A Chat With Jerry Reed
Editor’s Note: Jerry Reed has had a storied career, country music hits, television shows and hit movies. But for most truckers, he’ll always be Cledus “Snowman” Snow in the Smokey and the Bandit movies, as well as the voice behind the film’s anthem, “East Bound and Down.” Late last year, the quick-witted Reed chatted via phone from his home near Nashville, Tenn., with Truckers News Editor Randy Grider about the movie and his music.
TN: How did you get cast as Cledus Snow?
JERRY REED: I had done two movies with Burt [Reynolds], and Hal Needham, who had been Burt’s stunt double, called me up in Hollywood one day when I was doing The Glen Campbell Show. Hal came by my hotel for lunch and told me about this trucking movie he was trying to sell to Universal Studios. He had talked Burt into doing Smokey and the Bandit, and he wanted me to be his trucking partner. It all started over that conversation at lunch with Hal.
TN: What were the two previous movies you had done with Burt Reynolds?
JERRY REED: The first was W.W. and the Dixie Dance Kings that Burt did here in Nashville. I read for the part as the band leader and got the part, and that’s how I met Burt. Because of that movie, Burt called me about a movie he was doing called Gator. He wanted me to be the heavy. I said, “Wait a minute, Burt, I don’t weigh 155 pounds – how can I be a heavy?” He said, “Don’t worry about it. I’m going to give you a sawed-off shotgun to carry in your coat.” I said, “OK, son, count me in.”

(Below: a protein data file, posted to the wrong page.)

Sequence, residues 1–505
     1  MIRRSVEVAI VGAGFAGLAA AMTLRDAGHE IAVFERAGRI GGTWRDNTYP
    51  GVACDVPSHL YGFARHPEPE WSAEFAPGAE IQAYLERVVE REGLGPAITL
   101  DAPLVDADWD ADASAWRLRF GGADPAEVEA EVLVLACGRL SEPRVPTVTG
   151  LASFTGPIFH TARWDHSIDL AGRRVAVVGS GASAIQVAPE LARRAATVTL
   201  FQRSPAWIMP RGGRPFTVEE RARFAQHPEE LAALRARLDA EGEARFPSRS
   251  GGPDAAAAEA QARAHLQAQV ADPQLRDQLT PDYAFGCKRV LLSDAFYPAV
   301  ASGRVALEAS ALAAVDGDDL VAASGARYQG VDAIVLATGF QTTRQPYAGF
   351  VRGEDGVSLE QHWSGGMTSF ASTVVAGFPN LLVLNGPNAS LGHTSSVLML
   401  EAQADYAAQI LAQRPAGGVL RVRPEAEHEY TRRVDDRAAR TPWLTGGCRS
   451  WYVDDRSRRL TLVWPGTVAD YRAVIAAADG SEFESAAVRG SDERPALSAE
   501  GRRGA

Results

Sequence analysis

TN: Did you study truckers for the part in Smokey and the Bandit?
JERRY REED: No, I didn’t study truckers. The people I come from are the people truckers come from. One of my wife’s cousins was a trucker, and he just loved it. But I never associated with many truckers because I was a guitar picker at nightclubs trying to get ahead in the music business.
TN: What was working on Smokey and the Bandit like?
JERRY REED: It was a hoot. All we were doing was running up and down those Georgia highways wrecking cars as fast as we could. It was a real hoot.
Plus I got to meet my idol, Jackie Gleason. I grew up watching Jackie in The Honeymooners. When he was on the set, I’d go out just to watch him. I got to hang out with him and play golf with him. He beat me and I didn’t like that, but we had a great time.